and he will guide me ever-upward into a happy and healthy and “successful” life.

The gospel becomes the good news
about how we can make our lives work better:

How our families can prosper, how our finances can flourish,
how our territory can be enlarged, how our health can overflow.

Some popular pastors say that the good news is that Jesus is here to give us “our best life now” and if we’ll just follow him well enough, then all our circumstances can be smoothed out and all our suffering will be kept to a minimum.

Jesus is here to help us fulfill the American dream
of having and achieving and experiencing our deepest dreams.

And to be sure, it does seem like the Scripture talks about
us finding deep and lasting joy.

But it seems like a stretch to that the good news is primarily
about us always experiencing “the American Dream” of wealth and health and happiness.

But again, we experience the same frustration
when we actually go to read the Bible.

Open the Bible, read it,
hunt around, get frustrated.

You can scrapbook together a story from pieces of Proverbs
and scraps of the Psalms and selections about Solomon.
but it doesn’t produce a convincing sketch of the biblical witness.

Those cliff notes don’t line up with most of the story we find in the Bible,
and honestly they don’t line up with our experience either.

I mean, it’s not like joining a church is a magic way
to cure cancer or secure your dream career or fix your problems.

If that were the shape of the gospel
you would find people breaking down the doors of the church to get in.

So what’s the story?
What’s the shape of the gospel?

And a lot of people in my generation are recognizing that the Bible has a lot to say
about the way we treat the poor.

That the people of God are continually challenged
to be caring for the powerless and the forgotten,
to be protecting the widow and the orphan and the foreigner,
and to be working for justice in our local communities and in the world.

There are young, emerging movements within the church
that recognize a golden thread of social justice running from
Deuteronomy through the prophets and all the way to the ministry of Jesus,
and these movements are saying:

“Don’t you see? The story of Scripture is primarily about people learning
to embody the love of God to each other. That’s the shape of the gospel.
Caring for the poor, helping the needy, caring for those who can’t care for themselves.”

And I think these movements are really important,
because I think they’re helping us reclaim part of the Christian faith
that some parts of the church may have lost sight of.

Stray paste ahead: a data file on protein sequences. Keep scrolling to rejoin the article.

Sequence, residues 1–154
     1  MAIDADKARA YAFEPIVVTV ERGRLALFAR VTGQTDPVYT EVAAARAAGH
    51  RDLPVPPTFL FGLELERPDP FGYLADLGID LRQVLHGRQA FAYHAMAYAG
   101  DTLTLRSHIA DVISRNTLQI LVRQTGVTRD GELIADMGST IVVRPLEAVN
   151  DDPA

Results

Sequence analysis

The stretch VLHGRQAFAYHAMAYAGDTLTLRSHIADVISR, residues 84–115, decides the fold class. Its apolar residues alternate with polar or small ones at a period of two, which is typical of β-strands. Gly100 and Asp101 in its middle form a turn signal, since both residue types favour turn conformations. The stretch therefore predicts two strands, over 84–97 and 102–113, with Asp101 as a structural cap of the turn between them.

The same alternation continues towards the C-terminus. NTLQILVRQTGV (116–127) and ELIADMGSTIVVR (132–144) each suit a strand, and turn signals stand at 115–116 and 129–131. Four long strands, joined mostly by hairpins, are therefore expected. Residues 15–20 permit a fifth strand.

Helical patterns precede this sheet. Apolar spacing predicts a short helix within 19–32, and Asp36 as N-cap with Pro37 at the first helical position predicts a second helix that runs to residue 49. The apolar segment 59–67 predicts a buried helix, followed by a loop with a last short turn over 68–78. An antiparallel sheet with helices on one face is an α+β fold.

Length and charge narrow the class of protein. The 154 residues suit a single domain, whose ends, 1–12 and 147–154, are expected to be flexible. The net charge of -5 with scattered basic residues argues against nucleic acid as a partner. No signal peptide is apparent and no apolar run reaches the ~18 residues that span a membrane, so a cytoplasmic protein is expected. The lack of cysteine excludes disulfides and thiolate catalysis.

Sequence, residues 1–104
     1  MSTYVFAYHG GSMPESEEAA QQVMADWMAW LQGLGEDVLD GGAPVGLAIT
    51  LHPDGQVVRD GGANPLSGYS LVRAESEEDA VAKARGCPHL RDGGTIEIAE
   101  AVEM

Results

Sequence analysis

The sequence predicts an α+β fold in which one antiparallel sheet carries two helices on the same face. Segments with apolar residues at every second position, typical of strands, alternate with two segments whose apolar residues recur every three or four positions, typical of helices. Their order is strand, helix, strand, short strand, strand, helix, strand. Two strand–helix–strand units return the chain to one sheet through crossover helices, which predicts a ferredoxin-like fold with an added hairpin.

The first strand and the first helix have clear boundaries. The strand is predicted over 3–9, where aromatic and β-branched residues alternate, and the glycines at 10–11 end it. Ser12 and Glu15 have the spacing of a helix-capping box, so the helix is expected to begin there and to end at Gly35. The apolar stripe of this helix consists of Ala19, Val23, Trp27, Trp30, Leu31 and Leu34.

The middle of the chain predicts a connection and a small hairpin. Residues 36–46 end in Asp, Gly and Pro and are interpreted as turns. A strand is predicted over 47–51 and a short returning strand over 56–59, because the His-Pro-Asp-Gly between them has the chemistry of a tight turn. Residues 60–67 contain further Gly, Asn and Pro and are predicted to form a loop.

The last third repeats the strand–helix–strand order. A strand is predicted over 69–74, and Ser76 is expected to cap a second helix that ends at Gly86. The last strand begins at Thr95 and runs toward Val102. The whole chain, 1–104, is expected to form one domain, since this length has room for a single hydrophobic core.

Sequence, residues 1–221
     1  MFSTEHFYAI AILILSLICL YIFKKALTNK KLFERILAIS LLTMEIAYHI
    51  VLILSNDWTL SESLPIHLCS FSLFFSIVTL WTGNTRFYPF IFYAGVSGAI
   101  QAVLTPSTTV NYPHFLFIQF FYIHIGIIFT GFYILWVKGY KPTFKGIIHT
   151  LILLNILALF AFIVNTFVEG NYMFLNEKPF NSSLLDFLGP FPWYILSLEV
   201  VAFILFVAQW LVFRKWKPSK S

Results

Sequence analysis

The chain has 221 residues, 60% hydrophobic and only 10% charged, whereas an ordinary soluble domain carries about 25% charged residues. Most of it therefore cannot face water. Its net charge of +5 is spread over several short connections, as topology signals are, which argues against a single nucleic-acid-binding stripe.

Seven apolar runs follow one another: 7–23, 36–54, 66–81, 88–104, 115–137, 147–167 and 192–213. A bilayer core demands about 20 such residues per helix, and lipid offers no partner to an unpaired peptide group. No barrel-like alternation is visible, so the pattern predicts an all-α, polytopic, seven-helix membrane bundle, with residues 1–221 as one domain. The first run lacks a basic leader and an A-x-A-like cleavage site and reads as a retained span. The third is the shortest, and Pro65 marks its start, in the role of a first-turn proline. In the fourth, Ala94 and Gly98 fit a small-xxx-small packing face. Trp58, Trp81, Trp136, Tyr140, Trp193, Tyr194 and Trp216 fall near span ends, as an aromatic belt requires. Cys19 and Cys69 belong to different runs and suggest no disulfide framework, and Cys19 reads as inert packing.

That God cares about people having clean water and enough food to eat
that people ought to conduct their business practices fairly
and that governments should be working for justice for all people.

That God cares about more than where souls are going down the road—
he care about bodies right now.

God cares about flesh and blood
and daily bread and taxes and justice
and how we treat the environment—

God cares about this world right now.

But, again, is that the primary thing that the story is about?
Are those the best cliff notes to the story?
Is that the shape of the gospel?

Each one of these understandings has got some element of truth in them—
the afterlife

In my mid-twenties, I began to really wrestle with all of this.

The church is the community centered around the person of Jesus and the good news that he brings us—but what is that good news?

So that brings us to two brief questions this morning:

What is the shape of the gospel? And are there cliff notes to help us remember it?

I think the documents that we call the New Testament are really clear about the shape of the gospel. In one letter probably written about 20 years after the crucifixion of Jesus one of the earliest Christians puts it this way:

(1 Cor 15.1-11) Now, brothers and sisters, I want to remind you of the gospel I preached to you, which you received and on which you have taken your stand. By this gospel you are saved, if you hold firmly to the word I preached to you. Otherwise, you have believed in vain.

For what I received I passed on to you as of first importance: that Christ died for our sins according to the Scriptures, that he was buried, that he was raised on the third day according to the Scriptures, and that he appeared to Cephas, and then to the Twelve. After that, he appeared to more than five hundred of the brothers and sisters at the same time, most of whom are still living, though some have fallen asleep. Then he appeared to James, then to all the apostles, and last of all he appeared to me also, as to one abnormally born.

For I am the least of the apostles and do not even deserve to be called an apostle, because I persecuted the church of God. But by the grace of God I am what I am, and his grace to me was not without effect. No, I worked harder than all of them—yet not I, but the grace of God that was with me. Whether, then, it is I or they, this is what we preach, and this is what you believed.

Then skip down to verse 20 and don’t worry about every tiny detail—
just allow the big picture of what he’s saying to wash over you:

(15.20-28) But Christ has indeed been raised from the dead, the firstfruits of those who have fallen asleep. For since death came through a man, the resurrection of the dead comes also through a man. For as in Adam all die, so in Christ all will be made alive. But each in turn: Christ, the firstfruits; then, when he comes, those who belong to him.

Then the end will come, when he hands over the kingdom to God the Father after he has destroyed all dominion, authority and power. For he must reign until he has put all his enemies under his feet. The last enemy to be destroyed is death. For he “has put everything under his feet.” Now when it says that “everything” has been put under him, it is clear that this does not include God himself, who put everything under Christ. When he has done this, then the Son himself will be made subject to him [that is, the God the Son will bow before the God the Father] who put everything under him, so that God may be all in all.